Social Networking

Is it Worth It to Pay for a LinkedIn Account?

LinkedIn changes its offerings quite frequently, which means it’s time for an updated review of free versus premium accounts:

What you get with a free account

A basic, free account lets you build a full profile. You can build a network that includes colleagues, classmates, and even strangers by sending out LinkedIn connection requests. You also don’t have to pay to make or request a recommendation or to read or receive an InMail message that comes your way.

You can also save up to three customized searches and set up weekly alerts for them.

Several years ago, when I first started writing analyses of free vs. premium accounts, free account holders had access to more features. While it appears that slowly but surely the free version offers less, comparatively speaking, that still doesn’t mean the premium offerings are for everyone.

LinkedIn’s three paid plans

Today, LinkedIn sells three premium plans. The first is Business Premium on LinkedIn.com – the same platform as the free version – but with more features and functionality.

The two others are:

  • Sales Navigator, which is designed for sales professionals to use for lead generation.
  • Recruiter Lite, which is used by talent professionals (recruiters, HR managers, etc.) to scour the site for candidates.

While those in healthcare sales may want to explore using LinkedIn Sales Navigator to identify leads (your company may even pay for it), the Business Premium on LinkedIn.com is what you’ll want to focus on when launching a medical device or pharma sales job search.

Seven features of Business Premium

When you pay $47.99/month for Premium, here’s what you’ll get:

1. Unlimited People Browsing and Expanded Search Results

Premium members have access to view any profile (as far back as third-degree connections) in search results.

2. Who has viewed your profile

Premium members will see everyone who has viewed their profile in the past 90 days. It also shows trends and insights on how they found you.

In addition to the fabulous intel that comes from knowing if someone checks out your profile,  you can reach out, send them a connection request, shoot them an InMail, and thank them for checking out your profile.

For both free and paid, depending on the privacy settings of those who are checking you out, you could see where they work, their job titles, and how they found you.

LinkedIn will also measure an increase or decline in weekly viewership. For job seekers that incorporate LinkedIn engagement as part of their job search strategy, this is a valuable piece of information showing what is — or isn’t — working.

The Workaround for Free Account Holders: Free account holders can see the five most recent viewers in the last 90 days.

3. Expanded profile viewing

With Premium, “Open Profile” is the default mode. This means any LinkedIn member will automatically see your full profile and can reach out to you — even if they’re not in your network and don’t have InMail credits.

This is a huge plus for job seekers who want to cast as wide a net as possible.

4. Potential job notifications

Those who pay for Premium get directed to open positions identified as a potential fit based on the skills, experience, salary requirements, and education you include in your profile and settings.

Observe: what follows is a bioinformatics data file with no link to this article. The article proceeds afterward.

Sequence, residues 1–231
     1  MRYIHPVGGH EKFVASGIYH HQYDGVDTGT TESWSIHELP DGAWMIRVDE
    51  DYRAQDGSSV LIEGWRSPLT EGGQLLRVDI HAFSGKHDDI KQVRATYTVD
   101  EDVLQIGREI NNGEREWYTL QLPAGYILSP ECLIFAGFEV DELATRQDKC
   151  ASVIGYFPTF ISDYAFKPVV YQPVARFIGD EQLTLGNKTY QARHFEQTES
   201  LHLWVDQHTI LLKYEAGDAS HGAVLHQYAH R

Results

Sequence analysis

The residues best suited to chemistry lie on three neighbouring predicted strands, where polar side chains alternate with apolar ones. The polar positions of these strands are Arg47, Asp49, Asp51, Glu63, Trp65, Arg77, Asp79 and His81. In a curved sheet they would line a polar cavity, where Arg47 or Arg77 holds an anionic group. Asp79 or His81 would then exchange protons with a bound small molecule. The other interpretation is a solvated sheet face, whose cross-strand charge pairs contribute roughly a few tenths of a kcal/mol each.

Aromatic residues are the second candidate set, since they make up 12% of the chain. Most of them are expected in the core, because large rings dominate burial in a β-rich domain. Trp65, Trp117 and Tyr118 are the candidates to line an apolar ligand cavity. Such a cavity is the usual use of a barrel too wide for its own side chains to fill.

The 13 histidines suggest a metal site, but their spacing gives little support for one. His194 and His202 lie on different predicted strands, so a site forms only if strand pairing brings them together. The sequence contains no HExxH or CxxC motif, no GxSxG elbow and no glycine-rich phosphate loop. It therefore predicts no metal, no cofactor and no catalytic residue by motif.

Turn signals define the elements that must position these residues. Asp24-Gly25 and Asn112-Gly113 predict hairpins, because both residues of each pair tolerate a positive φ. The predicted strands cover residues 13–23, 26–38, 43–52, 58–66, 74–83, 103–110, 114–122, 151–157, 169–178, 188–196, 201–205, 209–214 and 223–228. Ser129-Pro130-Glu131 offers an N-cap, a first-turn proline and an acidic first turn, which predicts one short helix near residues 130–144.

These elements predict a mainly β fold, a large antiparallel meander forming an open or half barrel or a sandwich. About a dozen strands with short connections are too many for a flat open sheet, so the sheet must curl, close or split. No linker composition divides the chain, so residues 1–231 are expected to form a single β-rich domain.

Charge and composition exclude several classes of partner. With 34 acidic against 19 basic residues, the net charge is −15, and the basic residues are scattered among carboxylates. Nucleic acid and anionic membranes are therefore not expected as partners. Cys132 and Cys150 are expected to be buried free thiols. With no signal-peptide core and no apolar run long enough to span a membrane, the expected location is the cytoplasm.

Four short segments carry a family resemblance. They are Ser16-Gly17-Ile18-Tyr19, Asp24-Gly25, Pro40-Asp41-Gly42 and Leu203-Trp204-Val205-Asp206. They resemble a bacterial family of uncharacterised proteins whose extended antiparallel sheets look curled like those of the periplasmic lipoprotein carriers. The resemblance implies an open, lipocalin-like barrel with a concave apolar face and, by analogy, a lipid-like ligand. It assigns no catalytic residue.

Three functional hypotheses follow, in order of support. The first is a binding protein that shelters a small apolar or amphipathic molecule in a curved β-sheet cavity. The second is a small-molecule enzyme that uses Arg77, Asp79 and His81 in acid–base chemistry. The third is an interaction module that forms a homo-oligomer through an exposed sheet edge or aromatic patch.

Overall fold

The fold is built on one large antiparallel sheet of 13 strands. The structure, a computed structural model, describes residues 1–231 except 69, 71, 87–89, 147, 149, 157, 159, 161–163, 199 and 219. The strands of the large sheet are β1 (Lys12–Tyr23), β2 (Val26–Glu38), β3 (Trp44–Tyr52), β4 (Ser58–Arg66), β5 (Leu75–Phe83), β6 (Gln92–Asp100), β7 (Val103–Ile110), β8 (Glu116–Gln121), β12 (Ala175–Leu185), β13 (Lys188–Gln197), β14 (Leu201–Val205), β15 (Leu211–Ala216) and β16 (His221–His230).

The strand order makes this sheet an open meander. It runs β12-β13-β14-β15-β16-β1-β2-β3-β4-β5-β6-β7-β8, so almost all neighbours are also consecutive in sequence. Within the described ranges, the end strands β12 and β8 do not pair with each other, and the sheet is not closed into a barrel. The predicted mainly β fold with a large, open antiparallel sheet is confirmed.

The Workaround for Free Account Holders: This perk isn’t necessary if you’re using job boards with alerts set up for companies of interest.

5. Continuous learning

LinkedIn purchased Lynda.com in 2015 and rebranded it to LinkedIn Learning. This massive open online course website offers video courses taught by industry experts in software, creative and business skills. Before the acquisition, subscription fees were approximately $30/month.

The Workaround for Free Account Holders: To date, free account holders cannot pay to access LinkedIn Learning. Should you need to upskill or close a knowledge gap, search for other free learning websites.

6. InMail messages

Premium members get 15 InMail credits per month. Unused credits are accumulated and you can even recover a credit if your intended target ignores or ghosts you.

Free members don’t have access to InMail, which means they cannot message anyone through the platform.

The Workaround for Free Account Holders: Avoid using InMail altogether by sending a brief note as part of a connection request and holding off on outreach until the person has accepted the request. Other workarounds include online sleuthing to find the person’s email or reaching out on other social media platforms.

7. Business insights

Paid account holders have access to growth rates, hiring trends, and even hyperlinks to CrunchBase data if the company is PE or VC funded.

The Workaround for Free Account Holders: Most of the information provided via Business Insights is readily available through internet sleuthing. If you are willing to dig, this perk may not be worth the expense.

My recommendation

If you’re searching for a medical sales job, Premium Career’s InMail credits, insight into who looked at your profile, and additional information on roles you’re well suited for may prove useful. If your network is small, then the ability for those outside your network to see your full profile is incredibly powerful.

Try the free account first. Then, try a premium subscription free for one month. See for yourself and go with what works for you!

An additional benefit is that you pay month-to-month, which means you can upgrade, downgrade, or change your mind at any time.

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– By Virginia Franco, NCRW, CPRW

Virginia Franco Resumes | www .virginiafrancoresumes.com | VAFrancoResumes@gmail.com

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